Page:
The tangled plot resembles From Russia With Love with its layers of intrigue. Even the stunts and fight scenes display a nice range from the grandiose to the tactile, such as Magda's (Kristina Wayborn) Rapunzel type inspired escape from Bond. A train chase and a climatic fight on an airplane deliver as premium action scenes. On location filming in Berlin and India also provided a scenic travelogue.

Octopussy grossed better than the competing Bond film Never Say Never Again. Released in June, it would earn sixth place in U.S. Box Office during the summer when Return of the Jedi dwarfed the competition. The theme by John Barry and performed by Rita Coolidge suited the textured and well worn tapestry of this late stage Moore entry. 


Friday, May 1, 2020

What She Said: The Art of Pauline Kael

The landscape of film criticism has changed considerably since the 1970s, which was the heyday of film critic Pauline Kael. She wrote iconoclastic reviews with a unique style, literary and confrontational. The documentary serves as a primer on Kael's life and work, although the best place to go is to read her books. Kael's ability to bring an academic and popular sensibility to criticism remains influential.

Kael grew up in California and set out to be a writer early on. A single mother, she raised her daughter while trying to earn a living as a writer, working as a nanny and other service jobs. Eventually by the early 1960s her writing started to gain attention. In 1965 she became the film critic for McCall's magazine, but was fired after she wrote a negative review of the 1965 film The Sound of Music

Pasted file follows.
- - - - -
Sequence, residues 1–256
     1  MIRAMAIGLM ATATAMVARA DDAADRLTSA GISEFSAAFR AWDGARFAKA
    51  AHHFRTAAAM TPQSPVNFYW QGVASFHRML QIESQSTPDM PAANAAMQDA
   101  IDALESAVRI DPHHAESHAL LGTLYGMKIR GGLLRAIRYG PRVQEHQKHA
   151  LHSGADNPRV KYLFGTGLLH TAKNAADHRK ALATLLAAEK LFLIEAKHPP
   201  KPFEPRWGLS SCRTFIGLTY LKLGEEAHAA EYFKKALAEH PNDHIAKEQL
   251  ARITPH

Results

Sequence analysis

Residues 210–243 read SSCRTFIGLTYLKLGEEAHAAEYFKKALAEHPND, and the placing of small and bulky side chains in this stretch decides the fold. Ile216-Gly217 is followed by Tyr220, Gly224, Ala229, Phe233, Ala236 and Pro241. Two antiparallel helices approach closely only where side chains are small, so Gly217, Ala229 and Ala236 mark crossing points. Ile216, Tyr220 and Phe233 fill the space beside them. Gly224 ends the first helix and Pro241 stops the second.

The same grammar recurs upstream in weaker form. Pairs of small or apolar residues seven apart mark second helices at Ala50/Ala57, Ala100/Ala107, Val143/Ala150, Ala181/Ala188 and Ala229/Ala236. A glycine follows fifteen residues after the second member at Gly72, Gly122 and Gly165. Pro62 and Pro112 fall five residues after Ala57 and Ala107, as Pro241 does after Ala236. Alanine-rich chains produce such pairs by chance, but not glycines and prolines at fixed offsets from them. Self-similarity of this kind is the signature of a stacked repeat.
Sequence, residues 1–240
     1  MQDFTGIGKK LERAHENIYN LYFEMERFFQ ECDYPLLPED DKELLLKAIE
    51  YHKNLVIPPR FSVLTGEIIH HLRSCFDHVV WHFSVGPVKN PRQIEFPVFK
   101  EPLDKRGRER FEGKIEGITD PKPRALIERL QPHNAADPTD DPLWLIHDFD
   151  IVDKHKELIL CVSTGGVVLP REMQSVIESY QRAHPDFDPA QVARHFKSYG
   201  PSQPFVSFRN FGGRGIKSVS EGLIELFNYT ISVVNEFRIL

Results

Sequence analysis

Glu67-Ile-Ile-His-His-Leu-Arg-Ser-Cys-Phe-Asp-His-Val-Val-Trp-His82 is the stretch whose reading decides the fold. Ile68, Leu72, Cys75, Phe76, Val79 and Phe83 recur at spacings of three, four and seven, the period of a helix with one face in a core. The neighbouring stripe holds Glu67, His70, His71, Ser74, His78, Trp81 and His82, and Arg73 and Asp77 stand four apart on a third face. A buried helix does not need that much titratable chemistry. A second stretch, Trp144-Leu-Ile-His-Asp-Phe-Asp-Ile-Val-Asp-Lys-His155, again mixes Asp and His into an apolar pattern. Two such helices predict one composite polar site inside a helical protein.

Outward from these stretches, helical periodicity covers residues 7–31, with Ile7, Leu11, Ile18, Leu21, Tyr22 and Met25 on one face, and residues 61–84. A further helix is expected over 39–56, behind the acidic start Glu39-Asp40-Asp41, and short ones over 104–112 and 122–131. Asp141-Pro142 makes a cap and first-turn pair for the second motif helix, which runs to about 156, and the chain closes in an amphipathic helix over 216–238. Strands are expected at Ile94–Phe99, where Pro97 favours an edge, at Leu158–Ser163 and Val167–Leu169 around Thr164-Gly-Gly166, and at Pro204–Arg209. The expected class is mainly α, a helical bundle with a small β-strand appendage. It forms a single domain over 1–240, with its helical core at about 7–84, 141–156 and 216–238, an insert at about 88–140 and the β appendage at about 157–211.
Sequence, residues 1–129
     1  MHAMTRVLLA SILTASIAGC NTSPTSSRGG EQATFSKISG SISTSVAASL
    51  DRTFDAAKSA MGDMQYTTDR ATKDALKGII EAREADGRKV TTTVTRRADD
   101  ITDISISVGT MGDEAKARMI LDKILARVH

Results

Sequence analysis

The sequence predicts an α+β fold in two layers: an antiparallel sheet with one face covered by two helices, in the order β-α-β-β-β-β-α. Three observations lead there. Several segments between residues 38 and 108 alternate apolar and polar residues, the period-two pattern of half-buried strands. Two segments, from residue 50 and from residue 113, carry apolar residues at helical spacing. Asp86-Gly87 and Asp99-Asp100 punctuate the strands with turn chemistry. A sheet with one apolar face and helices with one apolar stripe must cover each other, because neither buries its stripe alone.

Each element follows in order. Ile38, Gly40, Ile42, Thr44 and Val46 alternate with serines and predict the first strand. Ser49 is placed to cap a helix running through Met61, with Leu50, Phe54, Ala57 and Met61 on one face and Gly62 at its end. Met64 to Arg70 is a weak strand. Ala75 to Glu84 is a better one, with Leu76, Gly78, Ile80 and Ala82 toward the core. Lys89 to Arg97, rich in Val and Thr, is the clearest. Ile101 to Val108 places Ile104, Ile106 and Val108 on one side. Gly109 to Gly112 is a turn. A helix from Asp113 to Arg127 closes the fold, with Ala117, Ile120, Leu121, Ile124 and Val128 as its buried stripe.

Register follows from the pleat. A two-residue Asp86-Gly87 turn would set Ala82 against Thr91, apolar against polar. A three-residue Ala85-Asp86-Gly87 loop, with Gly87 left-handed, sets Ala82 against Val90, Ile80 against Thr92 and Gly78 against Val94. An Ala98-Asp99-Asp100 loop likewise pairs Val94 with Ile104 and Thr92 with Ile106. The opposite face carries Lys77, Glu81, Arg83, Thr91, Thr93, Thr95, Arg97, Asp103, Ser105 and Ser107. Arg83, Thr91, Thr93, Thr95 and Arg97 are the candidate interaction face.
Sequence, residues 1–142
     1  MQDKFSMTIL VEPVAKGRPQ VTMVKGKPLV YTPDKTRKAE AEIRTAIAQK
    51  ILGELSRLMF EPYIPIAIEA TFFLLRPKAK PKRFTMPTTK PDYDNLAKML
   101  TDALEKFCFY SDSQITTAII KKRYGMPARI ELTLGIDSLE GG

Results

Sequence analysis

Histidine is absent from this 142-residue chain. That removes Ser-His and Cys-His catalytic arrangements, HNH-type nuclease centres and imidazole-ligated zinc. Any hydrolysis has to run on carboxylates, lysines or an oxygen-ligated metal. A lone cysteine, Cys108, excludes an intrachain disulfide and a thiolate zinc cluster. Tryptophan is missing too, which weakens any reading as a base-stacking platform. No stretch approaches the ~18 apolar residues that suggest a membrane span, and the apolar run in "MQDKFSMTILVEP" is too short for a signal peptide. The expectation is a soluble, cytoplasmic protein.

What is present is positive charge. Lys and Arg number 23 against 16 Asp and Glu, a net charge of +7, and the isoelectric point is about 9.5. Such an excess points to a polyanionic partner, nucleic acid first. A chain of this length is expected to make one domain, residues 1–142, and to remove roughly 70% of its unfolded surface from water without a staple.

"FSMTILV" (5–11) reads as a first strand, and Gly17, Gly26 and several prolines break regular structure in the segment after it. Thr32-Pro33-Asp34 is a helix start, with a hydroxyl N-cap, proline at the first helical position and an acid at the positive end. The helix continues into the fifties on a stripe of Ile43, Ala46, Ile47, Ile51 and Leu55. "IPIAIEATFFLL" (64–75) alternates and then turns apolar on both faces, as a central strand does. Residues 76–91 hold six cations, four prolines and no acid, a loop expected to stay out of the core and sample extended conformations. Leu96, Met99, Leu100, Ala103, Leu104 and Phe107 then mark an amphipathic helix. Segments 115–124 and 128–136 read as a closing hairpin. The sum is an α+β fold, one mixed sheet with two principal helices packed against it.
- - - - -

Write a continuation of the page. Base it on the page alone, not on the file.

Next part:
Kael championed films as popular art. Her reactions were unpredictable, but compelling. She dismissed Stanley Kubrick's 2001: A Space Odyssey for being shallow and redundant. Dubious of blockbusters, she panned Raiders of the Lost Ark, but loved Temple of Doom. Many misread Kael as an elitist, probably because she wrote for the New Yorker, but the documentary presents her as more of a proselytizer for cinema. Movies, a transcendent art, function as a portal to making sense of reality. 

With the platform of the New Yorker which gave her unlimited space, her reviews were widely read and discussed. Her reactions were subjective and unpredictable, glowing praise with razor sharp criticism. Her favorable reviews for Francis Ford Coppola, Steven Spielberg, Brian De Palma, Robert Altman heralded the rise of New Hollywood. Her review of Bonnie and Clyde was a sort of manifesto for the new American cinema.

Those closest to Kael also appear in the film including her daughter who served as caretaker and typist. Filmmakers discuss her influence on their aesthetic, including Quentin Tarantino and David O. Russell. Her feuds and prickly relationships with her peers are also covered, and also how personal bias could also influence her reviews.

Neither does the film shy away from her cruel streaks. British director David Lean recalled being shaken after an encounter with her. Kael also demanded complete loyalty in her circle of friends, banishing anyone who disagreed with her. Being a woman in a male dominated field meant one had to be tough and uncompromising at times. 

The gracefully argues Kael can make you a believer in movies, providing her readers with the courage to have a point of view.